The NXP STB220 board has a PNX8330 processor, 32MB of external SDRAM, 16MB of external flash, an SMSC LAN9118 ethernet chip, and connectors plus required support chips for various on-chip peripherals. For typical eCos development a RedBoot image is programmed into the external flash. RedBoot provides gdb stub functionality so it is then possible to download and debug eCos applications via the gdb debugger. This can happen over either a serial line or over ethernet.
The memory map used by both eCos and RedBoot is as follows:
External SDRAM and flash are normally accessed via the kseg0 segment and hence via the cache. The peripherals are normally accessed via kseg1 and hence uncached.
eCos can be configured for one of four startup types:
This is the startup type normally used during application development. RedBoot is programmed into flash and performs the initial bootstrap. mipsisa32-elf-gdb is then used to load a RAM startup application into memory and debug it. By default the application will use eCos' virtual vectors mechanism to obtain certain services from RedBoot, including diagnostic output. The bottom 1MB of RAM is used for RedBoot code and data so the application will start at 0x80100000.
This startup type can be used for finished applications which will be programmed into the start of external flash at location 0xB8000000. On power-up the chip's bootloader will automatically execute the contents of flash from 0xB8000000. The application will initialize SDRAM, copy its data to RAM and zero its BSS. The application will be self-contained with no dependencies on services provided by other software. eCos startup code will perform all necessary hardware initialization. This startup type is used for building the flash-resident version of RedBoot but can also be used for application code.
This startup type can be used for finished applications which will be programmed into the start of external flash at location 0xB8000000. On power-up the chip's bootloader will automatically execute the contents of flash from 0xB8000000. The application will initialize SDRAM, copy itself from flash to RAM, and zero its BSS. The application will be self-contained with no dependencies on services provided by other software. eCos startup code will perform all necessary hardware initialization. This startup type is used for building the flash-resident version of RedBoot but can also be used for application code.
This can be used to run applications via JTAG rather than RedBoot. The application will be loaded at location 0x80000000 and it will take over all the hardware. Uart0 will be used for all HAL diagnostics and standard output. A JTAG build of RedBoot can be used during hardware setup to program the ROM or ROMRAM versions into flash. A JTAG application build may prove useful for debugging certain problems, especially ones related to interrupts and exceptions. However the JTAG software may not fully cope with the executables and debug information generated by the GNU tools, so the user experience may be poor compared with using the GNU mipsisa32-elf-gdb debugger.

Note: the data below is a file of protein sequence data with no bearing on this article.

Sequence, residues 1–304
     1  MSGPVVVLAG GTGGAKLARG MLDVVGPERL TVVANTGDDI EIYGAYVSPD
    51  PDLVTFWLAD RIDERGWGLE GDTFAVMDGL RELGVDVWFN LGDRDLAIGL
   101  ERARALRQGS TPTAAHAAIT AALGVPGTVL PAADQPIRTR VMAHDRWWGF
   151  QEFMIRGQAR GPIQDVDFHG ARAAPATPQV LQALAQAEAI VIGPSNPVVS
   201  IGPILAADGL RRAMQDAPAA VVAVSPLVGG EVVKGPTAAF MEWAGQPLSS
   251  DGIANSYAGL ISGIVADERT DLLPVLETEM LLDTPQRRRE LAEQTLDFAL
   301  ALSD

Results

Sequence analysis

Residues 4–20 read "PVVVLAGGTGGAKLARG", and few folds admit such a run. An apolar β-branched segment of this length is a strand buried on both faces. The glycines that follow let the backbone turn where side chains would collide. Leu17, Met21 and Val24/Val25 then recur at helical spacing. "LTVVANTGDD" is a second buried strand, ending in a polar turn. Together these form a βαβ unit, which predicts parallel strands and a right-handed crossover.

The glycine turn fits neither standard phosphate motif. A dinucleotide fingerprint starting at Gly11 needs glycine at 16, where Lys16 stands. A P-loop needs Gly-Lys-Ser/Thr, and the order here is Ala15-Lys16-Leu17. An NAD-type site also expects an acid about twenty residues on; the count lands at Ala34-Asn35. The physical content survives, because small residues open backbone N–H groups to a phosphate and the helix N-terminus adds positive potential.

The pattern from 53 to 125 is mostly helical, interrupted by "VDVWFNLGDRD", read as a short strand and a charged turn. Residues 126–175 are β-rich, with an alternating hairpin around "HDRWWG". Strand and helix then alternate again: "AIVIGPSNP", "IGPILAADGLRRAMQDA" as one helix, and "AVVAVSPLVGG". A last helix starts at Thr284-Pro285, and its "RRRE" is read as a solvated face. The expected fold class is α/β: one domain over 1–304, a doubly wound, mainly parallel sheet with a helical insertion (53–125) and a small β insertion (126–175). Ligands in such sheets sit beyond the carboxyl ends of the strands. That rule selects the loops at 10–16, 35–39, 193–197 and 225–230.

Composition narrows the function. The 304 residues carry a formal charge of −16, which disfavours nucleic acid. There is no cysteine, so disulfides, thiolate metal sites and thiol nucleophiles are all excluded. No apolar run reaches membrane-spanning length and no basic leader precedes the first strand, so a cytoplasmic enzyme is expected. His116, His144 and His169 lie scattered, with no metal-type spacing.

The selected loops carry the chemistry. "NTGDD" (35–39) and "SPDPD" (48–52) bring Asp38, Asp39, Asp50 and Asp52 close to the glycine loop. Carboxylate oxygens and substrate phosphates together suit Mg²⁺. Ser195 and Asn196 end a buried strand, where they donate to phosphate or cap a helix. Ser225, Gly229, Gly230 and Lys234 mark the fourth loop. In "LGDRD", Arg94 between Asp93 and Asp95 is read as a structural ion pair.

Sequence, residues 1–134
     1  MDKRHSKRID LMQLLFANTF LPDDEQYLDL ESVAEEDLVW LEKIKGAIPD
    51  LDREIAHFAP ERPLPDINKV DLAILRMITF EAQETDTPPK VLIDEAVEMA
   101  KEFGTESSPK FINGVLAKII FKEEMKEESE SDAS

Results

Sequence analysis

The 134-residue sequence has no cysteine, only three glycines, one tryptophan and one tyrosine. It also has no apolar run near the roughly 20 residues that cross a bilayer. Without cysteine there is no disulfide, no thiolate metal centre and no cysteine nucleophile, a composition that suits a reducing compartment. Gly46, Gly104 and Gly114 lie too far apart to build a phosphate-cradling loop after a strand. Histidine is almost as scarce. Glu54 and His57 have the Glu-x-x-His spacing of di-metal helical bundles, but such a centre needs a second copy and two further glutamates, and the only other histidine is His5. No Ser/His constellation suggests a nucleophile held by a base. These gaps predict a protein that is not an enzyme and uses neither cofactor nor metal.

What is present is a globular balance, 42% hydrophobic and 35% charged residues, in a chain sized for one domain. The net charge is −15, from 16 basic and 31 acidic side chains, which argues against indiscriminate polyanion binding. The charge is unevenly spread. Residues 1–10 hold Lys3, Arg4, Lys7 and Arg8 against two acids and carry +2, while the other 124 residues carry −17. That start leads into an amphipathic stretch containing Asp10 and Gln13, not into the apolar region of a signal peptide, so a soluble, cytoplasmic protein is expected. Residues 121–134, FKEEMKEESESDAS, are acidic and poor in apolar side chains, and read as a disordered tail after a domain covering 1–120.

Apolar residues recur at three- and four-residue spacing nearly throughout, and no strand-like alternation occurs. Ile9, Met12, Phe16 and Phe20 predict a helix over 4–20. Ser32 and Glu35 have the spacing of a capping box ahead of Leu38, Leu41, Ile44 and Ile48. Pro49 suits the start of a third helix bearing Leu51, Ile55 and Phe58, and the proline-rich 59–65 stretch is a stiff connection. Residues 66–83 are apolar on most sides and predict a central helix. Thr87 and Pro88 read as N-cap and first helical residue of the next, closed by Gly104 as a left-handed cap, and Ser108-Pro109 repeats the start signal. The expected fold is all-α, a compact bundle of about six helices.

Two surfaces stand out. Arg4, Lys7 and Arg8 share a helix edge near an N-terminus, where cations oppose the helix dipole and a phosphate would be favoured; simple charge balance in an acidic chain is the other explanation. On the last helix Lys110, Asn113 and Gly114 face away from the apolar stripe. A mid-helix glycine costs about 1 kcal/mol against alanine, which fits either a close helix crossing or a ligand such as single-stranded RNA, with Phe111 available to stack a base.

In a typical setup the first 128KB of flash is used for holding the RedBoot image, and the last 128KB is used for managing the flash and holding the RedBoot fconfig values. The remaining blocks from 0x98020000 to 0x98FEFFFF can be used by application code.
RedBoot can communicate with the host using either uart0 or uart1.
All configurations for the STB220 target include an ethernet driver
CYGPKG_DEVS_ETH_SMSC_LAN9118. If the application
does not actually require ethernet functionality then the package is
inactive and the final executable will not suffer any overheads from
unused functionality. This is determined by the presence of the
generic ethernet I/O package
Typically the choice of eCos template causes the right thing to
happen. For example, the default template does not include any TCP/IP
CYGPKG_IO_ETH_DRIVERS is not included, but
both the net and redboot templates do include a TCP/IP stack so will
specify that package and hence enable the ethernet driver. The
ethernet device can be shared by RedBoot and the application, so it is
possible to debug a networked application over ethernet.
The STB220 board does not have a serial EPROM or similar hardware providing a unique network MAC address. Instead a suitable address has to be programmed into flash via RedBoot's fconfig command.
All configurations for the STB220 target include a serial device
(this driver is shared with PNX8310 based targets, and for historical
reasons it is named for them, however it it applicable to both). The
driver as a whole is inactive unless the generic serial support,
CYGPKG_IO_SERIAL_DEVICES is enabled. Both Uart0 and
uart1 are connected, however, only Uart0 has hardware flow control
lines routed to the connector. If a UART is needed by the application
then it cannot also be used by RedBoot for gdb traffic, so care should
be exercised in selecting which UART to use for these purposes.
Alternatively another communication channel such as ethernet chould be
All configurations for the STB220 target include a watchdog device
This is inactive unless the generic watchdog support,
CYGPKG_IO_WATCHDOG is loaded.
The on-chip interrupt controller is managed by eCos using macros provided by the PNX8330 processor HAL. The architecture COUNTER/COMPARE timer is used to implement the eCos system clock. If gprof-based profiling is enabled then that will use CONFIG unit timer 0, otherwise that timer can be used by the application. GPIO pins 4 to 7 are used for UART1 and pins 10 to 13 may be used for ethernet interrupts. The remaining GPIO pins are not used by eCos. Other on-chip peripherals are left to their initial settings and not manipulated by eCos.
The STB220 port is intended to work with GNU tools configured for an mipsisa32-elf target. The original port was done using mipsisa32-elf-gcc version 3.4.4 mipsisa32-elf-gdb version 6.3, and binutils version 2.16.